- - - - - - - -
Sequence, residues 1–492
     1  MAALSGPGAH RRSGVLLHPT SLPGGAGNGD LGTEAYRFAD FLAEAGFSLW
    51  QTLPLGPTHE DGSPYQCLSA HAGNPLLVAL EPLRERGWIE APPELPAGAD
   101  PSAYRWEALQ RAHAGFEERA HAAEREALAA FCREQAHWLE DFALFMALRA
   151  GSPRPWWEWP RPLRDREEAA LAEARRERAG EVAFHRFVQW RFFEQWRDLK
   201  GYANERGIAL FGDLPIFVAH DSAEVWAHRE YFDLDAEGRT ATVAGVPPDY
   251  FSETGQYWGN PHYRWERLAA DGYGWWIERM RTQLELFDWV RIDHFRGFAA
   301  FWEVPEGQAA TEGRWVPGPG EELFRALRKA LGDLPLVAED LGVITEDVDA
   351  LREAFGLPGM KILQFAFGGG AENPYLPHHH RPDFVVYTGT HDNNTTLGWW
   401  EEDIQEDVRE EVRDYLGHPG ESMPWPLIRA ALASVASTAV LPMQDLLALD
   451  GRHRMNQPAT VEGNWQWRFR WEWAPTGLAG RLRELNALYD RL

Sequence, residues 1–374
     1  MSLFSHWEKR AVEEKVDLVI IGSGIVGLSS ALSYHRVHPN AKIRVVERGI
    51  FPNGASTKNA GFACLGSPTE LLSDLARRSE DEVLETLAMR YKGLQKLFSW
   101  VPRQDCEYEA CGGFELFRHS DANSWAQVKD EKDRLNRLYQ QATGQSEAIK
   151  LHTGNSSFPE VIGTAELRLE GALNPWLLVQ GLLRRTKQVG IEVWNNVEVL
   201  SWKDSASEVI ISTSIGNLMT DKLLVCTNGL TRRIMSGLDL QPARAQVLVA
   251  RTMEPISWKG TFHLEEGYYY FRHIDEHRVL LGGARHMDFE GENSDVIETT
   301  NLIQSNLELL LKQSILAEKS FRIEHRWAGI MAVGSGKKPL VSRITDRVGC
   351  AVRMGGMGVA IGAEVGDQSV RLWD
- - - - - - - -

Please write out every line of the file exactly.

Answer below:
Sequence, residues 1–492
     1  MAALSGPGAH RRSGVLLHPT SLPGGAGNGD LGTEAYRFAD FLAEAGFSLW
    51  QTLPLGPTHE DGSPYQCLSA HAGNPLLVAL EPLRERGWIE APPELPAGAD
   101  PSAYRWEALQ RAHAGFEERA HAAEREALAA FCREQAHWLE DFALFMALRA
   151  GSPRPWWEWP RPLRDREEAA LAEARRERAG EVAFHRFVQW RFFEQWRDLK
   201  GYANERGIAL FGDLPIFVAH DSAEVWAHRE YFDLDAEGRT ATVAGVPPDY
   251  FSETGQYWGN PHYRWERLAA DGYGWWIERM RTQLELFDWV RIDHFRGFAA
   301  FWEVPEGQAA TEGRWVPGPG EELFRALRKA LGDLPLVAED LGVITEDVDA
   351  LREAFGLPGM KILQFAFGGG AENPYLPHHH RPDFVVYTGT HDNNTTLGWW
   401  EEDIQEDVRE EVRDYLGHPG ESMPWPLIRA ALASVASTAV LPMQDLLALD
   451  GRHRMNQPAT VEGNWQWRFR WEWAPTGLAG RLRELNALYD RL

Sequence, residues 1–374
     1  MSLFSHWEKR AVEEKVDLVI IGSGIVGLSS ALSYHRVHPN AKIRVVERGI
    51  FPNGASTKNA GFACLGSPTE LLSDLARRSE DEVLETLAMR YKGLQKLFSW
   101  VPRQDCEYEA CGGFELFRHS DANSWAQVKD EKDRLNRLYQ QATGQSEAIK
   151  LHTGNSSFPE VIGTAELRLE GALNPWLLVQ GLLRRTKQVG IEVWNNVEVL
   201  SWKDSASEVI ISTSIGNLMT DKLLVCTNGL TRRIMSGLDL QPARAQVLVA
   251  RTMEPISWKG TFHLEEGYYY FRHIDEHRVL LGGARHMDFE GENSDVIETT
   301  NLIQSNLELL LKQSILAEKS FRIEHRWAGI MAVGSGKKPL VSRITDRVGC
   351  AVRMGGMGVA IGAEVGDQSV RLWD